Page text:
Review Summary: Kids grow up.
An eternal question in the indie industry – keep doggedly pursuing your artistic vision, maybe one defined by jagged bursts of post-punk and a singer whose just as likely to veer into screeching wails as he is a soulful hum, or get your *** together and make something perhaps more palatable for your average rock listener" It’s not too hard to see on what side Mine Is Yours
falls – producer Jacquire King, whose behind-the-boards work catapulted Kings of Leon from Southern rock also-rans to multi-platinum lords of radio, is on hand, and singer Nathan Willett is content to focus on “love and relationships” in his lyrical matter. Top 40 listeners have something against hearing about family-ruining alcoholics, I guess. But what the band and King bring to the table now, however, is a refreshing tendency to keep things focused. It’s less a sacrifice to the gods of modern rock radio and more a bushwhacking of the Kids’ frustrating proclivity to fly off the rails on previous albums. Not that there wasn't something charming about it all on Robbers & Cowards
or Loyalty to Loyalty
, but Mine Is Yours
largely succeeds on keeping the Kids’ songwriting strengths on track.
That songwriting, of course, is what separates Cold War Kids from your Neon Trees or your Saving Abel. From funk-inflected anthems (“Royal Blue”) to U2-esque mammoth rockers with arena aspirations (“Bulldozer”), Cold War Kids always have a outstanding hook on hand. Mine Is Yours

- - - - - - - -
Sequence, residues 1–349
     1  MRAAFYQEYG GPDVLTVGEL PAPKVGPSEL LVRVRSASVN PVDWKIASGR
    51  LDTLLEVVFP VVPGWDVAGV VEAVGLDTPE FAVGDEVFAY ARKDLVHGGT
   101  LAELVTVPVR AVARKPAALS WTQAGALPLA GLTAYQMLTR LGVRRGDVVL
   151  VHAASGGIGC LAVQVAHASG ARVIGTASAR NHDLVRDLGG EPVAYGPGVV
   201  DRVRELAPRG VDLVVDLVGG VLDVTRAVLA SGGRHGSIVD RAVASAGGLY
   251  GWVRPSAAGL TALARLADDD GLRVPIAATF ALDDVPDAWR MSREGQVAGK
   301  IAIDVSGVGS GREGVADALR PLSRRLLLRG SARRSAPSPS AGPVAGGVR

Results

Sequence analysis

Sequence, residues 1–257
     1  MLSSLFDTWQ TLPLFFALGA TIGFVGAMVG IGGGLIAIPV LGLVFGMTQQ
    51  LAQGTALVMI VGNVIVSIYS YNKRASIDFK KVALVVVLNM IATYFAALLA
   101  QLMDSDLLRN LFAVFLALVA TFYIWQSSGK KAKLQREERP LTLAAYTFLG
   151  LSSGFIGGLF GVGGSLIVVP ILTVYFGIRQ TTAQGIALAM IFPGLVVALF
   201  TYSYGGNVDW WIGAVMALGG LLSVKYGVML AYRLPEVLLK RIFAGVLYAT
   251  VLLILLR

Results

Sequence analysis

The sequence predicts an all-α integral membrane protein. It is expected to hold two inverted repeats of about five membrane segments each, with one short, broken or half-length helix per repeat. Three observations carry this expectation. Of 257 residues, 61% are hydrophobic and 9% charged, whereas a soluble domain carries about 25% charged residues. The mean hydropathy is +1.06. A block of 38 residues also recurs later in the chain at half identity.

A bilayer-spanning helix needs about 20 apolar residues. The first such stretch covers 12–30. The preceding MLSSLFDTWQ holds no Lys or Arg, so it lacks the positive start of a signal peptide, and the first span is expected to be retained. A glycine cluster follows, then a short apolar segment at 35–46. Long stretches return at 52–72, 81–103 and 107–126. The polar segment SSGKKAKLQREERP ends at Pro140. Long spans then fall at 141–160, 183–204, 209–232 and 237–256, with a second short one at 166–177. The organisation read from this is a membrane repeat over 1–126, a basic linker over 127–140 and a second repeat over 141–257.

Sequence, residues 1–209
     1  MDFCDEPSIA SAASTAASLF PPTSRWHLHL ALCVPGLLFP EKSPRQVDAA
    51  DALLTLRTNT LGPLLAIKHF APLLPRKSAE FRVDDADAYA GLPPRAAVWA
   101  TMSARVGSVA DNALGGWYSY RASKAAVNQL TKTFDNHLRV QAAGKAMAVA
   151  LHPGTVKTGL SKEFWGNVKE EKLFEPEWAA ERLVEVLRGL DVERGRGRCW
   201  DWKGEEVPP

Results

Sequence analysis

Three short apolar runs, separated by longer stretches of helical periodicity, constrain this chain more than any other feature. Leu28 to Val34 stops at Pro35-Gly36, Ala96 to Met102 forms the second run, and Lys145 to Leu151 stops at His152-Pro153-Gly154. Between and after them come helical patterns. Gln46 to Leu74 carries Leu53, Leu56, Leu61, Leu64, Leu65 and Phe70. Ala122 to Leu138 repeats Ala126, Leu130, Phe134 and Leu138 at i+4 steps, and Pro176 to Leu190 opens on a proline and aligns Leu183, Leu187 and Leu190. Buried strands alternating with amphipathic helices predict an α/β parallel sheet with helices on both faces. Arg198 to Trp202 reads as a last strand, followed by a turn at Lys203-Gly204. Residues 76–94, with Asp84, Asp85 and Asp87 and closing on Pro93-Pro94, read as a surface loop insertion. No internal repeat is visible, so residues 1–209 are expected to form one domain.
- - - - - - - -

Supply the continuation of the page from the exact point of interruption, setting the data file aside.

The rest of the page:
never comes off as a chore to listen to, as some of the latter half of their earlier work did. For all their aversion to taking even the slightest of risks, you can’t help but admire the craftsmanship that went into a track like “Out of the Wilderness,” where a gently lilting ballad coalesces into one of Willett’s most fiery performances, buoyed by rolling drums and a bridge that frankly explodes. It’s good that the songs here are so strong, because when it comes to Willett’s lyrics, the MOR banality comes on a bit too strong. For a songwriter who was previously lauded for his ability to weave a tale, lyrics like “bulldozer clear a space for us / let’s rebuild this love on what we were” are embarrassing, ham-fisted platitudes. It adds a bit of an asterisk to fantastic tracks like “Broken Open,” where Willett engages in a conversation with a parking meter, but when the songs lift and soar like they more often than not do here, it’s not hard to be a little forgiving. It just makes it even more of a shame when some of the best lyrics on the record in “Sensitive Kid” are sabotaged by a drum machine funk that is as out of place as it is unbecoming of Mine Is Yours’
So there’s a give and take at work on Mine Is Yours
, one that fans of their earlier work will either love or hate. That essential dichotomy between staying true to your roots and aiming for more widespread success has been the ruin of many bands, but Cold War Kids really don’t give up too much here. Indeed, songs like hit-single-to-be “Louder Than Ever” and the thunderous climax of closer “Flying Upside Down” reveal a band that has always had the songwriting chops to stand out from their peers, one that perhaps just needed a steadying hand to realize it all over the course of an entire album. Something may have been lost in translation – there’s nothing as immediate as “We Used To Vacation” or as heart wrenching as “Hospital Beds,” and Willett truly seems to have thrown aside any artistic compunctions in his quest to write a lyric any ape could relate to. But Mine Is Yours
is a damn good rock record through and through, and for a band to sit down and write eleven tunes that showcase the best of their bluesy, anthemic brand of indie with nary a misstep, well, there’s an accomplishment to be praised.